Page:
As a rule of thumb, I will generally assume that anyone dressed in a hand-spangled cat suit designed by Salvador Dalí and photographed by Cecil Beaton is worthy of interest until proven otherwise.
And so it is with Charles Henri Ford, said hand model. A poet and visual artist (who also took his own intriguing photographs), Ford is mentioned alongside many of our favourite between-the-wars luminaries in Paris and New York, including Gertrude Stein, Paul Bowles and Djuna Barnes, whose Nightwood he typed up. His delicate features also attracted Carl Van Vechten and, in a subversive image which shows Ford leaving a pissoir adorned with a curiously positioned advertisement, Henri Cartier-Bresson.
In Op Art stripes, in black tie alongside Factory mainstay Gerard Malanga, resting serenely on his lover Pavel Tchelitchew or entertaining a gentleman caller wearing rather less than he, Ford is never less than elegant.
A great minor figure, so easy to forget. Thanks for bringing him back into the foreground. Another largely forgotten writer, and good friend of Ford + Paul Bowles, is Edouard Roditi. A polyglot poet, translator, art critic and historian’ biographer of Oscar Wilde and Magellan, Roditi also wrote on homosexuality. Great writer, even greater character.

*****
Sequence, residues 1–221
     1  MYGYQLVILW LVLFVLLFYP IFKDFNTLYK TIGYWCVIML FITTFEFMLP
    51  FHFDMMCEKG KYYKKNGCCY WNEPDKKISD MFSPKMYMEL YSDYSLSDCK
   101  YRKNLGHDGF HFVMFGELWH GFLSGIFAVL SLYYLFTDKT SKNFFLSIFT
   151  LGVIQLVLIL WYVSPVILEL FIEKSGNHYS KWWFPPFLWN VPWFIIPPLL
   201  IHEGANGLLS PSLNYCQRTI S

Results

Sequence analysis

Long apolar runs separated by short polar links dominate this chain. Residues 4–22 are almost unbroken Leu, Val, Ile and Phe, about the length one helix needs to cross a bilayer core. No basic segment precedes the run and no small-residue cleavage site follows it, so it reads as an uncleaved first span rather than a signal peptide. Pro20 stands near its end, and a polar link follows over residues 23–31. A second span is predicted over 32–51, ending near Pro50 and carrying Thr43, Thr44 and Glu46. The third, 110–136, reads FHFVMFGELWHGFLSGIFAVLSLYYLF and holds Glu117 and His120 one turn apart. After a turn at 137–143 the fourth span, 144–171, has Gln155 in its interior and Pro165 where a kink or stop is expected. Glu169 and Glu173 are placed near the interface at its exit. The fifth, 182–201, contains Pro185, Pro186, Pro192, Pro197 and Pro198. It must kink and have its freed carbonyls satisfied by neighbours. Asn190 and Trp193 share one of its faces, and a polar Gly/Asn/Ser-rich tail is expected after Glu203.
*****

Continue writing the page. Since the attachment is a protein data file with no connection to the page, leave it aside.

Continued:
Beautiful, beautiful looking man! Great photos, especialliay the one on the table…who took that?
James, I think your rule of thumb really worked out!
You always make my day!
I would love to see “Sleep in a Nest of Flames,” the 2001 documentary about Charles, though it can’t possibly cover all his tracks. He’s a good candidate for one of your circles.
A cutie patootie!
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I interviewed him about two years before he died about Romaine Brooks, Barney and the context. It was fascinating and he was lovely. He talked about Djina, Thelma Woods who he actually looked like in a photo that hung on the wall behind him. All of these people were larger than life personalities and had the courage to live their lives that way.
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